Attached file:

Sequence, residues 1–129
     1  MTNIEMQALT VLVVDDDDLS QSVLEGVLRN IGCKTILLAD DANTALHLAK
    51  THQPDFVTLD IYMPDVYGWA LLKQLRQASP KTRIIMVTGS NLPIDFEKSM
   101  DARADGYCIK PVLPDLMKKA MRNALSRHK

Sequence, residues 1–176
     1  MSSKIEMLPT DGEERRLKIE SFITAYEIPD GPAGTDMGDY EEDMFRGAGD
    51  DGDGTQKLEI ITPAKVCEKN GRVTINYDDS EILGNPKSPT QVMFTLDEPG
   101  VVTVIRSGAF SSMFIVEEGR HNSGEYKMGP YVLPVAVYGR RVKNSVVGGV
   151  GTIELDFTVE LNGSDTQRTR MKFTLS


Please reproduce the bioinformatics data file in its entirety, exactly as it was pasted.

Sequence, residues 1–129
     1  MTNIEMQALT VLVVDDDDLS QSVLEGVLRN IGCKTILLAD DANTALHLAK
    51  THQPDFVTLD IYMPDVYGWA LLKQLRQASP KTRIIMVTGS NLPIDFEKSM
   101  DARADGYCIK PVLPDLMKKA MRNALSRHK

Sequence, residues 1–176
     1  MSSKIEMLPT DGEERRLKIE SFITAYEIPD GPAGTDMGDY EEDMFRGAGD
    51  DGDGTQKLEI ITPAKVCEKN GRVTINYDDS EILGNPKSPT QVMFTLDEPG
   101  VVTVIRSGAF SSMFIVEEGR HNSGEYKMGP YVLPVAVYGR RVKNSVVGGV
   151  GTIELDFTVE LNGSDTQRTR MKFTLS